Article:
If the Champions League final were tomorrow and all United players were fit, we can imagine that David Moyes' team would be something like the following: David de Gea; Rafael, Nemanja Vidic, Jonny Evans, Patrice Evra; Danny Welbeck, Michael Carrick, Darren Fletcher, Adnan Januzaj; Wayne Rooney, Robin van Persie. It's an obviously, horribly flawed side that we've seen fail again (in its various constituent parts, injuries permitting) and again this season.
Change that front four to Robin van Persie, Wayne Rooney, Adnan Januzaj and Juan Mata, however, and the team suddenly has something about it, something to define it - a front four that can stand up against anything in Europe. It would allow the team to revert to the kind of system used in 2007-09, where the midfield sat very deep and left a clear divide between a defensive six and an attacking four, with the latter quartet so powerful they didn't need too much support.
But this is obviously not a long-term solution. United must and will address their midfield problem, and aside from questions about whether the above tactic is the most effective one, it's a terrible waste of attacking talent. If a player can score lots of goals, the reaction should be "great, he'll score lots of goals", not "great, that means our other players can do a bit more defending."
The other problem is that that front four is an odd one. It's obviously very dangerous and very good, but it comprises an almost alien-looking set-up in 2014 - not one of the players is in there for physicality at all. All four players, with the slight exception of Rooney (and the exception is increasingly slight as his game changes and his body becomes, er, increasingly not-so-slight) are technical players, to an almost fanatically pure level. Januzaj can scrap for the ball and is not slow, but he doesn't exactly have blistering pace. Mata and Van Persie are not quick either, basing their game on movement, imagination and skill.
There's nothing wrong with that, of course, but it represents a huge break from the 2008-era side when Cristiano Ronaldo's phenomenal speed spearheaded the attack. It made United unbeatable on the counter-attack, something that the above four could never hope to replicate to the same extent. And if United are going to replace one of them, there's an obvious candidate: The Englishman.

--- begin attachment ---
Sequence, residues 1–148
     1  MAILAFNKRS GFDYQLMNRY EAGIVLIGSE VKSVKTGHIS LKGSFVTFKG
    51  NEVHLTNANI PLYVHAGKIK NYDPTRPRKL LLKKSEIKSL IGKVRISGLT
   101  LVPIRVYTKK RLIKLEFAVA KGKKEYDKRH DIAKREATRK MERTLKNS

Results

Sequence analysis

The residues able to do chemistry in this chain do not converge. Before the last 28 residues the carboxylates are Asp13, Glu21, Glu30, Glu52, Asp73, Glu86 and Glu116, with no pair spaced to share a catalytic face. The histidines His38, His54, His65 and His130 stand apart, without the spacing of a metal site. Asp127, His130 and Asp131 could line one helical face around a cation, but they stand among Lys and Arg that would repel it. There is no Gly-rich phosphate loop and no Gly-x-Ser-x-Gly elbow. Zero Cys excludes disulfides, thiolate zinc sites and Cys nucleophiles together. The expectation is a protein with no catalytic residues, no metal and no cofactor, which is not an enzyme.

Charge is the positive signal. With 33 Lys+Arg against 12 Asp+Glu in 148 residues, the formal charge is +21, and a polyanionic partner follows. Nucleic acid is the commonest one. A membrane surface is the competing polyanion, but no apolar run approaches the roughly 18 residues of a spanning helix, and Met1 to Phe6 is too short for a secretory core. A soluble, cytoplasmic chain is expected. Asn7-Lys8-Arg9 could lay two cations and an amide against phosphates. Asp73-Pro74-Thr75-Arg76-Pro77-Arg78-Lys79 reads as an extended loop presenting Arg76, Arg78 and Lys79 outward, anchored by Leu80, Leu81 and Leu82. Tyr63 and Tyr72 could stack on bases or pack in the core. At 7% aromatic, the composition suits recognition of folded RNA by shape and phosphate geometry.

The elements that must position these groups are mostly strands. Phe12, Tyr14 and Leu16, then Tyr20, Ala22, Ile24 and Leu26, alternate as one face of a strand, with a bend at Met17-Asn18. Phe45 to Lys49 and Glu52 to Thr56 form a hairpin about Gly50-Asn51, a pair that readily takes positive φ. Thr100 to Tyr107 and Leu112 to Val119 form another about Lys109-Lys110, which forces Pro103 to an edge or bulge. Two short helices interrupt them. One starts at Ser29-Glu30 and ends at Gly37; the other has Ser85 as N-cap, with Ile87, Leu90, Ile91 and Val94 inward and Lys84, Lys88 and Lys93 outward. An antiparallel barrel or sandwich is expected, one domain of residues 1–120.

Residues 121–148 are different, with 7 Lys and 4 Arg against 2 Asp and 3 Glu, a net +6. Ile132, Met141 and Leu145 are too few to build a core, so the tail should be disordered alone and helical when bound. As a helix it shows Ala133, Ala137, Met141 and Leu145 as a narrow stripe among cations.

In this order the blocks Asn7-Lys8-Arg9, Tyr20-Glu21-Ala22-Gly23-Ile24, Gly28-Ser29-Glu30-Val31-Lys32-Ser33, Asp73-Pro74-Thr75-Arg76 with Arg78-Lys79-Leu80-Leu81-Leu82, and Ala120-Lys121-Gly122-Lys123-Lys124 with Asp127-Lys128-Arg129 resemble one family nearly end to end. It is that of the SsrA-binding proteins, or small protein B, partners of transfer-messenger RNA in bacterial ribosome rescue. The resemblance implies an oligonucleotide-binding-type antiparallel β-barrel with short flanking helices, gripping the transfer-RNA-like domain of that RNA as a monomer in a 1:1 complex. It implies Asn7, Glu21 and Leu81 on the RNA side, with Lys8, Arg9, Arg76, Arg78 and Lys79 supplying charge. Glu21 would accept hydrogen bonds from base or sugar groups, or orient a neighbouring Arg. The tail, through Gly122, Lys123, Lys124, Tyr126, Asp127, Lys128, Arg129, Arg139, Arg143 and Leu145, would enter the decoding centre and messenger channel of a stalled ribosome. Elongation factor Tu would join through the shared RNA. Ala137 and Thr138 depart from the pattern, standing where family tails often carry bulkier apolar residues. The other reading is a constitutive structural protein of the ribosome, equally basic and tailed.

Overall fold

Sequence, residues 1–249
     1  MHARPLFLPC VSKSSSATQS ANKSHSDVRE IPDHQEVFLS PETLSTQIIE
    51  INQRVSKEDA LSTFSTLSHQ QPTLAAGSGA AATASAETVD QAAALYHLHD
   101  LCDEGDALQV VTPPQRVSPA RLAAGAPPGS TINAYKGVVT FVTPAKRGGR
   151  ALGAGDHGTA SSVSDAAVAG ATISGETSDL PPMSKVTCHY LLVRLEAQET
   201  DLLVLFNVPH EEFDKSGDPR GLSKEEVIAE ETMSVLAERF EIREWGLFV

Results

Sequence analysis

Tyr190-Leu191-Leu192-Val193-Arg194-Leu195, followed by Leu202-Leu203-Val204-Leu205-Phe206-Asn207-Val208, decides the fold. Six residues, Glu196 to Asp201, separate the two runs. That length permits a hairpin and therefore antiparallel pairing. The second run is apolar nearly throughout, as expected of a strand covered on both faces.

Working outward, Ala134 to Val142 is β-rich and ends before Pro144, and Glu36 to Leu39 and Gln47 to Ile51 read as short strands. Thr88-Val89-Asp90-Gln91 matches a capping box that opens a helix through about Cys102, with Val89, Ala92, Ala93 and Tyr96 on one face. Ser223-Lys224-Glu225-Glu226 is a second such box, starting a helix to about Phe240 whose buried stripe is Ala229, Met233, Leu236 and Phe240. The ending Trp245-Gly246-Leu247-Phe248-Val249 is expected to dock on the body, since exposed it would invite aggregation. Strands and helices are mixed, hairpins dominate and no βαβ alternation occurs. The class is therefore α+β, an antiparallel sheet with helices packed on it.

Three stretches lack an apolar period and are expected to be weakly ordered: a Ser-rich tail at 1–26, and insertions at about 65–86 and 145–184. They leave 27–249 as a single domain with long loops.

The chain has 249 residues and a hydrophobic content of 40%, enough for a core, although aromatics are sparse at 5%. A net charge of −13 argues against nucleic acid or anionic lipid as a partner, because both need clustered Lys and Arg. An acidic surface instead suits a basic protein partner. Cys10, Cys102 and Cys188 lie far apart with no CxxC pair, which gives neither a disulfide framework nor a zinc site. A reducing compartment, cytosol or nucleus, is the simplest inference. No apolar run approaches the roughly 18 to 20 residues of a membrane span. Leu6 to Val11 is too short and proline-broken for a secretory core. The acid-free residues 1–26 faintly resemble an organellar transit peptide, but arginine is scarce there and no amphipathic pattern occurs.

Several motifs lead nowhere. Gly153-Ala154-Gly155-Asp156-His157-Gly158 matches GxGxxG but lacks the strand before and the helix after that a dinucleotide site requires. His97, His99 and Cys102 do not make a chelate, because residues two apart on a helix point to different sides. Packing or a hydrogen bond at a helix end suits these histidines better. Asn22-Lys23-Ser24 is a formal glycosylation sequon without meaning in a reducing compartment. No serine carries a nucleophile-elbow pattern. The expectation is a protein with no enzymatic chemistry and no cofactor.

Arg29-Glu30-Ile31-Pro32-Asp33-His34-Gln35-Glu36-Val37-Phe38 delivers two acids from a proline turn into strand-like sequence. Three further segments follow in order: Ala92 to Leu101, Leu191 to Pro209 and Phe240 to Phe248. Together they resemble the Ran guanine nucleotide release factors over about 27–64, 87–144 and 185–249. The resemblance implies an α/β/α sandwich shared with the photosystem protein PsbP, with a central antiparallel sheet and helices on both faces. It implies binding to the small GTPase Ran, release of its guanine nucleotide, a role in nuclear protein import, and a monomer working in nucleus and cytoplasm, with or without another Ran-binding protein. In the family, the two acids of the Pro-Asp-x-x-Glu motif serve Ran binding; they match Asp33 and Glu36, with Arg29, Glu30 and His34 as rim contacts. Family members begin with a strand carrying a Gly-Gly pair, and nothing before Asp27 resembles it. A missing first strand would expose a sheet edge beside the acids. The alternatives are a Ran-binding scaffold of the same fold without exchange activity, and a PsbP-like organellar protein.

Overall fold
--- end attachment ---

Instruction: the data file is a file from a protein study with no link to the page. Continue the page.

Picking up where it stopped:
While there have been rumblings about Rooney signing a new contract in the summer, it's entirely possible that he could still leave. Edinson Cavani has been touted as one potential replacement, but United have also been looking at other wide men - Marco Reus is the most glamorous figure, with Patrick Hermann a more attainable name. But it seems that United's plan going forward is to acquire another speedy winger and to replace Rooney with a more physical centre-forward if he leaves.
That would seem to be ideal for Juan Mata. It would allow him to operate in either of his two best roles - in the hole, behind the striker, focusing purely on creativity, or out on the right wing to cut inside and create. United can change which one depending on the system and the opposition. If they want him on the right, Wayne Rooney or Robin van Persie can play as the deeper of a front two. If they want him in the centre, they'll have their extra winger or Danny Welbeck to move out to the right.
The flexibility allowed there means the midfield two behind don't need to be of a particular style. Moyes can go out and buy the best players he can without worrying how they'll fit in with the rest too much. There's talk about Mata needing 'the whole team build around him', as though nobody ever plays in the hole with a free role at any club. By that, they simply mean asking that other people do some of the running for him, which should not be beyond any central midfielder of the calibre we're looking at.
Mata is good enough that, while it's worth considering how to get the very best out of him, he doesn't need to be accomodated. Even if we spend heavily on recruits after his arrival, he will still be an automatic pick for the side. And that's the way it should be.
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